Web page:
2 Samuel 13 is one of the most disturbing and tragic texts in the Bible. In this text we read that King David’s daughter, Tamar, was very beautiful. Beautiful enough that her half-brother Amnon lusted after her and wanted to sate his lust, but he couldn’t because it wasn’t lawful. After fixating on it for some time, he and his cousin devised a plot where Amnon could isolate and rape Tamar: he pretended to be sick, and when his father—King David—came to ask his son if there was anything he could do for him, Amon requested that David send his sister Tamar to his room to cook for him. And so David sent his own daughter into the center of power of his crown prince and son, Amnon. And, when Tamar was isolated and totally within his power, he raped her and, after his lust had been slaked, he then threw her out of his house in disgust.
In the Hebrew Bible, the Law is very clear that rape is a capital offense (e.g., Dtr 22.25). Normally, the Bible required a number of witnesses and the “innocent until proven guilty,” and—in one accuser vs. one defender scenarios of “he said; she said”—it threw out the accusations of just one person. So we see numerous accounts in both Old and New Testaments about how to handle the question of “evidence” and “witnesses” in the Bible:
On the evidence of two witnesses or of three witnesses the one who is to die shall be put to death; a person shall not be put to death on the evidence of one witness (Dtr 17.6)
A single witness shall not suffice against a person for any crime or for any wrong in connection with any offense that he has committed. Only on the evidence of two witnesses or of three witnesses shall a charge be established (Dtr 19.15).
But if he does not listen, take one or two others along with you, that every charge may be established by the evidence of two or three witnesses (Mat 18.16)
This is the third time I am coming to you. Every charge must be established by the evidence of two or three witnesses (2 Cor 13.1)
Do not admit a charge against an elder except on the evidence of two or three witnesses (1Tim. 5.19)
Anyone who has set aside the law of Moses dies without mercy on the evidence of two or three witnesses (Heb 10.28).
But sexual sins were tricky. Most often, these sins occurred when there were no other witnesses. How, then, could such be handled? Deuteronomy lays out the procedure:
But if in the open country–where there are no witnesses–a man meets a young woman who is betrothed, and the man rapes her, then only the man who lay with her shall die. But you shall do nothing to the young woman; she has committed no offense punishable by death. For this case is like that of a man attacking and murdering his neighbor, because he met her in the open country—where there are no witnesses—and though the betrothed young woman cried for help there was no one to rescue her (Dtr 22.25–27).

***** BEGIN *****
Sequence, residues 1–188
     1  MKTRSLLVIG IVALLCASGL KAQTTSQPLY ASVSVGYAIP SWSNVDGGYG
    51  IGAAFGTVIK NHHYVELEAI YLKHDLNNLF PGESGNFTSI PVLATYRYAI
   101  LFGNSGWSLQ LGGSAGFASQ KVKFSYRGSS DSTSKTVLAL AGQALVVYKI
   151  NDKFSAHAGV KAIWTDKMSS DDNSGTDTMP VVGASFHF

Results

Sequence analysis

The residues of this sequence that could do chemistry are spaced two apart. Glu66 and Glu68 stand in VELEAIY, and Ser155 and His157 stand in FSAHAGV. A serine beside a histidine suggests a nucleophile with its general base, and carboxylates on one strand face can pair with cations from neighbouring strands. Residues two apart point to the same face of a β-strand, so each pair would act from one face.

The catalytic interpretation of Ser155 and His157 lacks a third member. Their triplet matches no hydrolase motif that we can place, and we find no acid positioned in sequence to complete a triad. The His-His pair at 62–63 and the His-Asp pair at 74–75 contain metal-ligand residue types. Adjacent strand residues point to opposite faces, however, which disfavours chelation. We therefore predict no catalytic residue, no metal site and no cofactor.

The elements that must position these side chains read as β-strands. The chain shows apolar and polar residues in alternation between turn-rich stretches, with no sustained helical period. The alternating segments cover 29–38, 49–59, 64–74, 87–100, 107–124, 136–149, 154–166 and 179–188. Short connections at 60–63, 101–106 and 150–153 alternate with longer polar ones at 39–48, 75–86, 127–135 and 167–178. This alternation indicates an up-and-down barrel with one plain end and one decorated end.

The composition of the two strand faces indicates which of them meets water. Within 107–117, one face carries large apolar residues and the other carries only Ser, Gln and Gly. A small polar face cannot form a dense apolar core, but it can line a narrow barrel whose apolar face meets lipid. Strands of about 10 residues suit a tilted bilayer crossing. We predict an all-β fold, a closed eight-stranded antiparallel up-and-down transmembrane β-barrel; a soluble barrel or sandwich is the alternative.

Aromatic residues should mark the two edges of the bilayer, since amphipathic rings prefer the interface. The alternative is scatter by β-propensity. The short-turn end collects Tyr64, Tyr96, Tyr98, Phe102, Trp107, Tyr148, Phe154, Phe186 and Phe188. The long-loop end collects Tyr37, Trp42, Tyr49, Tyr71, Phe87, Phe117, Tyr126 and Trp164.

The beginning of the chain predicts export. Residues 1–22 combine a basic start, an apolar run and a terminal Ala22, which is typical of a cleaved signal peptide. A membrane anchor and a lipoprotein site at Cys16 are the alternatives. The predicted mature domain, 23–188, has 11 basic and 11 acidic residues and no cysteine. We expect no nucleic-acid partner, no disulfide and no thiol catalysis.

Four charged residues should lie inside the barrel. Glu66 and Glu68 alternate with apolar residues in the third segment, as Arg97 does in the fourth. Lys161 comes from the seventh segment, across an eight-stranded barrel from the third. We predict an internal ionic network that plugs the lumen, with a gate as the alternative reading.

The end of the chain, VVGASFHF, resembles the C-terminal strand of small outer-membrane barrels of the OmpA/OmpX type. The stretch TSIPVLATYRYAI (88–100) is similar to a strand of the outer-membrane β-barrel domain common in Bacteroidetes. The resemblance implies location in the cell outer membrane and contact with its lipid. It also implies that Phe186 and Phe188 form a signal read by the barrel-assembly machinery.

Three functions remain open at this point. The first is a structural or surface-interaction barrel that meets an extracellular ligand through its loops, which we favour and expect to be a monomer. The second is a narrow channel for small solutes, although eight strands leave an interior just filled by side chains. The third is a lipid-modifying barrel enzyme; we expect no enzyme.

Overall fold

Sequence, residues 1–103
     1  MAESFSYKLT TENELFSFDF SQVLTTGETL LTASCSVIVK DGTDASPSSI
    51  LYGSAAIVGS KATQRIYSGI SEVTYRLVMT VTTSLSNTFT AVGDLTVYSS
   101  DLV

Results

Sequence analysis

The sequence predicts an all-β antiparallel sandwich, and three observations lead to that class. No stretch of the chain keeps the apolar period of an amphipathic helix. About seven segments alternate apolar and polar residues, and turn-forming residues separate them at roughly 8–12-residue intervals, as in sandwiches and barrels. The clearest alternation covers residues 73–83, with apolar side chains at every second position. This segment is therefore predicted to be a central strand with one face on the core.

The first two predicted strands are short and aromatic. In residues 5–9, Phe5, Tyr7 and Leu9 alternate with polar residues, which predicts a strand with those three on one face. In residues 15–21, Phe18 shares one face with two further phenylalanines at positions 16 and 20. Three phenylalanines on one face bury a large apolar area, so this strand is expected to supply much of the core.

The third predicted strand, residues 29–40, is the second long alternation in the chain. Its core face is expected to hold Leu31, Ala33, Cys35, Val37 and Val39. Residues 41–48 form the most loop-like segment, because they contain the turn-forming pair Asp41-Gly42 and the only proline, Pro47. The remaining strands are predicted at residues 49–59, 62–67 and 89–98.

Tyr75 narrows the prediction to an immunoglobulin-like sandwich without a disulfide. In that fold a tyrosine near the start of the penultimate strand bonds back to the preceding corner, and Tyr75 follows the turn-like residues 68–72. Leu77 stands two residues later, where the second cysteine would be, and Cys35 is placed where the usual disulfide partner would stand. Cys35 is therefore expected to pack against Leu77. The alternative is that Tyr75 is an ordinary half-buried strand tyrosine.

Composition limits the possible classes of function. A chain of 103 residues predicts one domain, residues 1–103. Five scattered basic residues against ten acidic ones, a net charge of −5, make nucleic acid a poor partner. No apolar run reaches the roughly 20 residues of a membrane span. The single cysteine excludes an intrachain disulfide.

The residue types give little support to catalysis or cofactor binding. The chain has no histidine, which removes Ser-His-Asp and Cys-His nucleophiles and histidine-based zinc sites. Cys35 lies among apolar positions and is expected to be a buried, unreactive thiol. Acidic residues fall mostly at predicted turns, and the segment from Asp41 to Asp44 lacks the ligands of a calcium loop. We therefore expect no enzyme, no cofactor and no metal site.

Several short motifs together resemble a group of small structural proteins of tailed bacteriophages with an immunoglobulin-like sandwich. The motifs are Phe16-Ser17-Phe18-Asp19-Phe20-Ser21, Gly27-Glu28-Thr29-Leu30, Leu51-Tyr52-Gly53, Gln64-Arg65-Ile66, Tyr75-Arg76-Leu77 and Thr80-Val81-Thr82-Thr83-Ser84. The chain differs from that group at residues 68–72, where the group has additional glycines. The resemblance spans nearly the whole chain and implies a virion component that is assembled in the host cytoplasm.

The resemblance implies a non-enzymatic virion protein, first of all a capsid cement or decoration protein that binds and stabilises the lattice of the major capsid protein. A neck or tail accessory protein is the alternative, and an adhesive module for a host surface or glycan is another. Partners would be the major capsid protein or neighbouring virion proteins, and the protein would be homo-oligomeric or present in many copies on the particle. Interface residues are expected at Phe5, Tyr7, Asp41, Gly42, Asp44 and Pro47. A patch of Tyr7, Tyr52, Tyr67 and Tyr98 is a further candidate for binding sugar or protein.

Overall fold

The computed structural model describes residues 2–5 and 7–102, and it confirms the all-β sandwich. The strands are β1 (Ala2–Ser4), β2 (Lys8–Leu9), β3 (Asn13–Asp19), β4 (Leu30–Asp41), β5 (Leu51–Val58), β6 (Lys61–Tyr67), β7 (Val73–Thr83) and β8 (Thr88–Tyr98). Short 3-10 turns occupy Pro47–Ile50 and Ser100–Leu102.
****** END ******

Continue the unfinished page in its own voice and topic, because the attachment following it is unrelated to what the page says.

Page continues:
The case, here, is what the procedure should be. Imagine the circumstances: a woman who wasn’t a virgin and portrayed herself as a virgin to her husband to be, was in peril if he suspects her (e.g., Dtr 22.13–21). Furthermore, if she is found to be complicit (i.e., that this is seduction rather than rape and she is already engaged), then she’s to be killed along with her seductor (Dtr 22.23–24).
There’s actually a lot of evidence that the “cried out” is a legal term for “make a report.” This is, of course, exactly what Tamar does after Amnon raped her: “Tamar was wearing a multicolored robe with long sleeves, for thus were the virgin daughters of the king dressed. So when Amnon’s servant put her out and bolted the door after her, Tamar put ashes on her head and tore the long robe that she wore, and she laid her hand on her head and went away, crying aloud as she went. (2 Sam 13.18–19).
In one of the many failures David makes following his decision to lust after Bathsheba, David did nothing to Amnon. The Law was clear: if Tamar had been betrothed (which, as a royal daughter she would have been), the punishment was death (Dtr 22.25–27). Even if she hadn’t been engaged (which was almost certainly not the case), he had violated his sister, a capital crime (e.g., Lev 18.9, 11; 20.19; etc). But David refused even to provide even the lesser penalties that would have been required in other situations that were less clear. He refused to do anything at all.
Why, we might ask, would David ignore justice? Why would he not follow the Law? Why would he not do as the Bible required and heed the testimony of his daughter? The answer is as tragic as the story itself is: because it wasn’t politically expedient to do so. As the Bible records, “David did nothing because Amnon was the crown prince” (2 Sam 13.21 LXX and DSS).
I understand why David wouldn’t want to believe Tamar in the same way I understand why we don’t want to believe some more modern examples: it’s not politically convenient. Certainly, in the case of Tamar, Amnon’s supporters would say the same thing as some others’ supporters (whether Roy Moore or Al Franken, or any of numerous others) have been saying: “Hey, don’t you know Tamar is Absalom’s sister? Don’t you know that Absalom is just trying to become the new crown prince! He’s just trying to get Amnon out of the way so that he can take his power! See? Isn’t that convenient? Notice it’s only coming out now?”
Of course, their responses and David’s responses were not based on desires for justice, but rather in political expediency. Heaven help us if we sacrifice God’s Word for the sake of political gain. Of course, this did not work out well for David, either spiritually or politically. Absalom would kill Amnon for what he did to his sister and, a few years later, would attempt to seize the power from the throne citing—among other things—David’s inability or unwillingness to provide justice to the weak and oppressed.